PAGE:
Thursday, September 18, 2014

Thieving Forest: The Unpredictable Futures of a 19th Century American Family

Susanna Quiner hid while she watched four of her sisters being violently torn from their home by a party of Potawatami warriors.   Is this the opening scene of a propaganda piece designed to show us how savage the original inhabitants of North America were?   Thieving Forest by Martha Conway may seem that way initially, but this story line is more complex than readers might think.   I received a free copy of this novel from the author in return for an honest review.


The tale takes place in  early 19th century America.  Its portrayal of the period is neither utopian nor dystopian.  Martha Conway goes for realism.  There are both horrific events and wonderful ones. 
The capture of these sisters isn’t what it appears to be. Each of the Quiner sisters has her own individual destiny.  Susanna is determined to restore her family to the situation that had existed before they were captured, but neither her sisters nor their home were ever going to be the same.  This is a lesson that Susanna learns over the course of the novel.

I do have to say that while Susanna is a sympathetic viewpoint character, she isn’t the sister who interested me most.  From the beginning, I was drawn to Naomi the musician. Her story also turned out to be the one that I most wanted to follow.  I would like to find out more of what happened to Naomi after the events of this book.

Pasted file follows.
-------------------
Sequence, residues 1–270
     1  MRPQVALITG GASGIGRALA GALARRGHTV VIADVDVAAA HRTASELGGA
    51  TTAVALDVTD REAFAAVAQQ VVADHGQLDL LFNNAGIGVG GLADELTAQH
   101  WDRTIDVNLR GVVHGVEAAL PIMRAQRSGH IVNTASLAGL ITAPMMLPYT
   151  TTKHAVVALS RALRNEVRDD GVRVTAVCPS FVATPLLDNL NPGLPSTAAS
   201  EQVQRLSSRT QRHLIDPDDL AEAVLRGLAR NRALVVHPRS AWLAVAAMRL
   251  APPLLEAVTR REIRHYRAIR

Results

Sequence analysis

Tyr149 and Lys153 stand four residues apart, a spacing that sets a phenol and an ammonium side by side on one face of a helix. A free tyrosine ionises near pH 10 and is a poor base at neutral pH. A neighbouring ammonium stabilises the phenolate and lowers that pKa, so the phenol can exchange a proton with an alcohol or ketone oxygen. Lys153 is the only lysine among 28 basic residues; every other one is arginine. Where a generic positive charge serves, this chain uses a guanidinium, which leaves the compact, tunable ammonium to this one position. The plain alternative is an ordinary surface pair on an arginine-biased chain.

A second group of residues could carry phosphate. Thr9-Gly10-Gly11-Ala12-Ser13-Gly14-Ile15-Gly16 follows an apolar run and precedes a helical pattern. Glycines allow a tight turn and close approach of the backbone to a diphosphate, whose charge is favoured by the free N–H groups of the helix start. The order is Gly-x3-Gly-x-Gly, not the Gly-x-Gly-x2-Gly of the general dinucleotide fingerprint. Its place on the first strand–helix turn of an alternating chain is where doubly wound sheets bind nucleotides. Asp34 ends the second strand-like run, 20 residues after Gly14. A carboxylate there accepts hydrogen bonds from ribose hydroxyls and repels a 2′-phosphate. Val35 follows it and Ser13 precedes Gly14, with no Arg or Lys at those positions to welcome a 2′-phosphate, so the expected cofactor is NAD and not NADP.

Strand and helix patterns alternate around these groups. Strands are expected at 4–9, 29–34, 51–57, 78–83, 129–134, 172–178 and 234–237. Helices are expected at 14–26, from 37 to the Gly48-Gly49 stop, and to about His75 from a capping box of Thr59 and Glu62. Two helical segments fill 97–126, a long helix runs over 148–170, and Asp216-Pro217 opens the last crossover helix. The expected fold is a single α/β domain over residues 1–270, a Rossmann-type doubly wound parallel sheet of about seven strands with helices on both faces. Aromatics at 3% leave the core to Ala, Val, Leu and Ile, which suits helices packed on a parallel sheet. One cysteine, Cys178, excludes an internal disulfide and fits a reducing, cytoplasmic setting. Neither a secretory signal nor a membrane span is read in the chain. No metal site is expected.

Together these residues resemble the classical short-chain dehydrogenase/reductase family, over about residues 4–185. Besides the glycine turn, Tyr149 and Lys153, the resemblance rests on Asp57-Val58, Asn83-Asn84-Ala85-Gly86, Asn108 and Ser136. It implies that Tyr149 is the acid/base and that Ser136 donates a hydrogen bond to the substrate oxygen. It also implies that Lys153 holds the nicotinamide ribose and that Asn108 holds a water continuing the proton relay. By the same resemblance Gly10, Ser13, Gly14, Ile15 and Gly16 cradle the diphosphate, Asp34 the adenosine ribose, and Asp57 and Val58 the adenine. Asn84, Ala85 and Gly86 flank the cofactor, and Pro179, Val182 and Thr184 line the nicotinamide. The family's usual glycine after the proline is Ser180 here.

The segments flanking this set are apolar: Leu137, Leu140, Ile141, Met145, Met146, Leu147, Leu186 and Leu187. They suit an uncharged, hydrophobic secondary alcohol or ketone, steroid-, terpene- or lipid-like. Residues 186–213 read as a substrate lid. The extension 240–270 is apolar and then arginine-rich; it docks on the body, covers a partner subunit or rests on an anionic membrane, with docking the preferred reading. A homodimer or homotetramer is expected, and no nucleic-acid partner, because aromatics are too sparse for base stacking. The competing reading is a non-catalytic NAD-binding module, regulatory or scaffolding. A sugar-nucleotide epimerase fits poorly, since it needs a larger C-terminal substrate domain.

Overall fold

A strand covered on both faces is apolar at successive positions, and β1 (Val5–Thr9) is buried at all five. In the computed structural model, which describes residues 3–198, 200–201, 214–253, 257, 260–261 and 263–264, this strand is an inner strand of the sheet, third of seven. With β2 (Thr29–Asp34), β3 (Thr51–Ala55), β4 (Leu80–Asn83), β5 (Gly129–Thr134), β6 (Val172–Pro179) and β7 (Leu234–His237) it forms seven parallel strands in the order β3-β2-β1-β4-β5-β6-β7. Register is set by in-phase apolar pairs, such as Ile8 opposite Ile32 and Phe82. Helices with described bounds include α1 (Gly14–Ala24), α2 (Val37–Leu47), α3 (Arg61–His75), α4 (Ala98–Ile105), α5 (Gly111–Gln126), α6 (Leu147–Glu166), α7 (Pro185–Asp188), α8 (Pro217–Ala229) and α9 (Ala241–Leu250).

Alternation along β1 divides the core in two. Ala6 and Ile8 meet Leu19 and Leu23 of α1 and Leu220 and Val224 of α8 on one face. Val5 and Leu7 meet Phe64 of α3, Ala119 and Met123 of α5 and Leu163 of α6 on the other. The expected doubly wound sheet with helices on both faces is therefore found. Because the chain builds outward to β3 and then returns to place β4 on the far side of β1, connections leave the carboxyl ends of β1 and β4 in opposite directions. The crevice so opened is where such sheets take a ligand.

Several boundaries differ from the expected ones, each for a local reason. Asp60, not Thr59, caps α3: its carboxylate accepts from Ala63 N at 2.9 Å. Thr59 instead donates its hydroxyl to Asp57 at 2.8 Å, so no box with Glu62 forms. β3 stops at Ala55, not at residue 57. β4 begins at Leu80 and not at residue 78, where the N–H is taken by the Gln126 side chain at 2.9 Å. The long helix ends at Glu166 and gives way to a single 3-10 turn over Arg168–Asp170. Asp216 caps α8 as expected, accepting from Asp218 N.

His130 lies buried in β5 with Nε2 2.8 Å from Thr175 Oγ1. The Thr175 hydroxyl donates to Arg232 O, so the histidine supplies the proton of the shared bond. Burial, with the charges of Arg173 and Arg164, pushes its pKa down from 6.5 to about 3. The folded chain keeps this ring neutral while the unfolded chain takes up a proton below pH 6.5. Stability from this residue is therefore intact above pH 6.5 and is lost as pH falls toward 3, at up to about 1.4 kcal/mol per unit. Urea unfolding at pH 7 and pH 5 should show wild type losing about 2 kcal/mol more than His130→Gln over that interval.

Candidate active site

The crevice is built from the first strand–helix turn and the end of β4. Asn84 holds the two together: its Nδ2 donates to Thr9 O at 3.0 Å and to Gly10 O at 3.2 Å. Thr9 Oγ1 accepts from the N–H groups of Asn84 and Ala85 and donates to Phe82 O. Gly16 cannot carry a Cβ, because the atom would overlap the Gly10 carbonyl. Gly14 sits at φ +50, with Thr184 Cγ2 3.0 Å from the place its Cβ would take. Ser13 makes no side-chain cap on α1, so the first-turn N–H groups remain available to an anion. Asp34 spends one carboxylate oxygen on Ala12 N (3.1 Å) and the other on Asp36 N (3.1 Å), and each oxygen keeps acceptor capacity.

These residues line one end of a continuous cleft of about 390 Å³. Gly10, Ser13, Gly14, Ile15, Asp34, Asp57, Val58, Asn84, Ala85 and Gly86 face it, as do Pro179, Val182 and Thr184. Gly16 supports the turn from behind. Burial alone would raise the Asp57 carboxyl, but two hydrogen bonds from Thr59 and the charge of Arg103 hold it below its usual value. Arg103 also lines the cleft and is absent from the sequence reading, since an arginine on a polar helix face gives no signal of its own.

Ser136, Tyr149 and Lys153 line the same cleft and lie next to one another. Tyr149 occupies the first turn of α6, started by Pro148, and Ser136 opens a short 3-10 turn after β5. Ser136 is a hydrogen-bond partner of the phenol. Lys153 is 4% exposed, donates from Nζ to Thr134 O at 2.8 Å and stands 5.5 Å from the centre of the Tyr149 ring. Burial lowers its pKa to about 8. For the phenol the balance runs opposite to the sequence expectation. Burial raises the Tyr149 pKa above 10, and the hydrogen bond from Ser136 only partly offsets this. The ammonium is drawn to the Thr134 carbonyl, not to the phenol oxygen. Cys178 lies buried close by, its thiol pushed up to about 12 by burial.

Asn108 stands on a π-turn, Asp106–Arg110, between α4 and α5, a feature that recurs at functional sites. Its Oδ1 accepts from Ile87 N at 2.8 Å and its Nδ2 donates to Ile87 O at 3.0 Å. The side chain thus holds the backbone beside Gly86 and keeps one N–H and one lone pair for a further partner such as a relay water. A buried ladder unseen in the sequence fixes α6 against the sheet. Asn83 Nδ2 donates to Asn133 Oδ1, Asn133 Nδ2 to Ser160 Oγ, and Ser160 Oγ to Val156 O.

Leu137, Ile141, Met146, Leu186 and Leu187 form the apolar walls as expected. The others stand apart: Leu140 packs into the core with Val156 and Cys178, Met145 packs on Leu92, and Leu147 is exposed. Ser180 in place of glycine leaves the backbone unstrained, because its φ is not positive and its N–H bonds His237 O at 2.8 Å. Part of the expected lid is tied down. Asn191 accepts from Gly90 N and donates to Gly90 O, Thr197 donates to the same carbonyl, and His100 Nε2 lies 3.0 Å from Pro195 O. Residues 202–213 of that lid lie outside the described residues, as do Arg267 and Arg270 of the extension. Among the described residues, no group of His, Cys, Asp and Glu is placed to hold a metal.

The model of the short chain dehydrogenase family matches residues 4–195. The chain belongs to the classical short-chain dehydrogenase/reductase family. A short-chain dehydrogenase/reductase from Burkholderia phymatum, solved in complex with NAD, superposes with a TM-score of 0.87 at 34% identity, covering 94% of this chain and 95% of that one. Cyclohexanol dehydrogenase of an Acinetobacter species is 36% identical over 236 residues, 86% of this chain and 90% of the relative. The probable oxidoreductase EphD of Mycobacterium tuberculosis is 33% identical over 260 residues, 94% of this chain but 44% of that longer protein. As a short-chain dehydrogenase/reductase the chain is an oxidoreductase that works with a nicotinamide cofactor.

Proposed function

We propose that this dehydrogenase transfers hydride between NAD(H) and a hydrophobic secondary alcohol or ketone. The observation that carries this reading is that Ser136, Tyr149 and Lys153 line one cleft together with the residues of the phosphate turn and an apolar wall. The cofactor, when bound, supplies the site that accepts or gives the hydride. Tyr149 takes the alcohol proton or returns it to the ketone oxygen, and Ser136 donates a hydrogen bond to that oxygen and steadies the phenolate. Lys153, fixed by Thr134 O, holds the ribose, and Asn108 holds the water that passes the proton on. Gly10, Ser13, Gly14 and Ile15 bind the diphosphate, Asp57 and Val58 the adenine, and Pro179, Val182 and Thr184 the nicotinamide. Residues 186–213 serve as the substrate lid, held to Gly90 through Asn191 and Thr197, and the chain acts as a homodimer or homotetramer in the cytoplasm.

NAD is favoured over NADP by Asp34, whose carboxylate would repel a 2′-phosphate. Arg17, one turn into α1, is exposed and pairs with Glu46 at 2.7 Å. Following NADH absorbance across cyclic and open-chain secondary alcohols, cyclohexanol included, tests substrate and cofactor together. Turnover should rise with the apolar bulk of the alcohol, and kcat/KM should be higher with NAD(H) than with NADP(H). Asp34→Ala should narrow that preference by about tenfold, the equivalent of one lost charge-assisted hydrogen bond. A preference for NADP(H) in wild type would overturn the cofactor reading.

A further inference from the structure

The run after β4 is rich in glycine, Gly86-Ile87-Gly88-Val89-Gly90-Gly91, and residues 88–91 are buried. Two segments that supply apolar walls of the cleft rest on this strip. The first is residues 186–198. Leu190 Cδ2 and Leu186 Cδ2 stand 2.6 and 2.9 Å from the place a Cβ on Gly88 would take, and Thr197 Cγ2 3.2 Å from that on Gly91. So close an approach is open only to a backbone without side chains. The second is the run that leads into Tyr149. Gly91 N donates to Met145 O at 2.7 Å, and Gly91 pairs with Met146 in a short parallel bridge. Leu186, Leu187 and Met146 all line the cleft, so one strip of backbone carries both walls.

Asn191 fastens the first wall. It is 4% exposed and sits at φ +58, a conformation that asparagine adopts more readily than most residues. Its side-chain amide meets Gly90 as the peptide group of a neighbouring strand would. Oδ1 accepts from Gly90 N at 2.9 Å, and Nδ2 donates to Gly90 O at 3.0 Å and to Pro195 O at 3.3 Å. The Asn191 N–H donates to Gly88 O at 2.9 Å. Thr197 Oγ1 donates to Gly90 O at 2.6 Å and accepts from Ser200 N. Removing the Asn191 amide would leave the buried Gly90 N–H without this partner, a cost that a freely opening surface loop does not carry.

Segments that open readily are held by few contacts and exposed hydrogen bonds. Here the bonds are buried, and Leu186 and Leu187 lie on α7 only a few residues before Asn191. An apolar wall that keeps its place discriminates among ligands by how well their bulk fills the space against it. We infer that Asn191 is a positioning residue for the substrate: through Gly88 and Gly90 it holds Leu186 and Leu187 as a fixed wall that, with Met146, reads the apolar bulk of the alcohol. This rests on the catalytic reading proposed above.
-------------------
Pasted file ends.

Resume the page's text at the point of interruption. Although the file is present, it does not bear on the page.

I  learned more about a group of settlers about whom I had previously known very little.  The Moravian missionaries who were originally from Germany established a settlement in Pennsylvania that was called the Gemeinschaft in this book.  They and their Native American converts to Christianity seemed to live together in equality and harmony.  Yet when Susanna looked beneath the surface, the Gemeinschaft didn’t seem so perfect.  Perhaps one of the lessons of  Thieving Forest is that there are no options that are perfect for everyone.  Their community’s social structure reminded me a bit of the Shakers.   I wanted to know more, so I ran a few searches on the Moravian Church.  I learned that although they call their community a Gemeinschaft now, there is no record of their having done so in the early 19th century. 

Just as Susanna's desire to re-create an ideal past was fated to be disappointed, readers who expect an ideal novel will never find one.   Even if the author had chosen to follow Naomi rather than Susanna as I would have preferred,  I probably would still have found flaws in  Thieving Forest.  Perhaps I would have become less enamored of Naomi if I had seen more of her.  She might have made some foolish decisions as Susanna occasionally did in the course of the narrative.  Yet Susanna always redeemed herself.  Although there could have been many alternate paths that  Thieving Forest might have traveled, the book we have is very readable and periodically enlightening.


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